Verizon Communications Inc. (VZ) Makes OSHA’s Naughty List

Verizon Communications Inc. (NYSE:VZ), the largest wireless phone network in the U.S., has reached a prestigious list. Prestigious in that only a little more than 300 of the nation’s companies make it. It has a technical name, but we can call it the OSHA Bad Boys List.

Verizon Communications Inc. (NYSE:VZ)

In 2010, the Severe Violator Enforcement Program (SVEP) was created by the Occupational Safety and Health Administration (OSHA) with the goal of providing touch sanctions on repeat or egregious violators of the Occupational Health and Safety Act in regards to ensuring a safe working environment for employees. As of the end of June, about 330 of the country’s businesses were on the SVEP list, and Verizon Communications Inc. (NYSE:VZ) found its way on the list thanks to an incident in the spring that cost a worker his life.

A Verizon worker was electrocuted and died in March when he came into contact with high-voltage power lines. As a result of an investigation, OSHA determined the fatality was preventable. OSHA cited Verizon Communications Inc. (NYSE:VZ) with repeat violations like failure to provide workers with rubber gloves when around high-voltage lines. Verizon was also cited for supplying adequate safety training for employees or instilling safe practices at work sites. Verizon Communications Inc. (NYSE:VZ) was also charged with keeping poor or false safety records – in one instance a fatality was recorded as just a injury, for example.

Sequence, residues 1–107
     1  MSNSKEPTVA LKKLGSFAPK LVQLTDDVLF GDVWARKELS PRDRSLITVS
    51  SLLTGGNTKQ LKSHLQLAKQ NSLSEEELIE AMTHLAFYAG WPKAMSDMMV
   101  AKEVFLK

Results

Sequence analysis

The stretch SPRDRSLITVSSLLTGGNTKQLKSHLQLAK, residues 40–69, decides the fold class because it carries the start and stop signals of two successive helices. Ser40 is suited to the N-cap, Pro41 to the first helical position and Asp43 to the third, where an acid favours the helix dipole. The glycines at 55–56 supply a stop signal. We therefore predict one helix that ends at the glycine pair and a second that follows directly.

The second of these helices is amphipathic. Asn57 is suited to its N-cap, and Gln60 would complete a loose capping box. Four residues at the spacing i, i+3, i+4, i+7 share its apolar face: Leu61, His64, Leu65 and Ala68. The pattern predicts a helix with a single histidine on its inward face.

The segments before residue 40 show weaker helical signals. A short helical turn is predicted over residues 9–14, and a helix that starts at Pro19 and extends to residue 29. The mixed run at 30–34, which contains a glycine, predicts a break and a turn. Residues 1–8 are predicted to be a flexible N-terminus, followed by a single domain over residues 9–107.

The focus of the SVEP is on inspecting employers that have a record of failure to meet OSHA obligations through deliberate, chronic violations or show a failure to mitigate safety hazards. Companies which are on the SVEP list will have increased inspections and increased fines for safety violations during the three years they are in the program.

Safety violations would be something of a concern for the employees at the company, and would be a public-relations problem for Verizon Communications Inc. (NYSE:VZ) and could affect investors’ attitude toward the company – investors like hedge-fund manager Ray Dalio of Bridgewater Associates.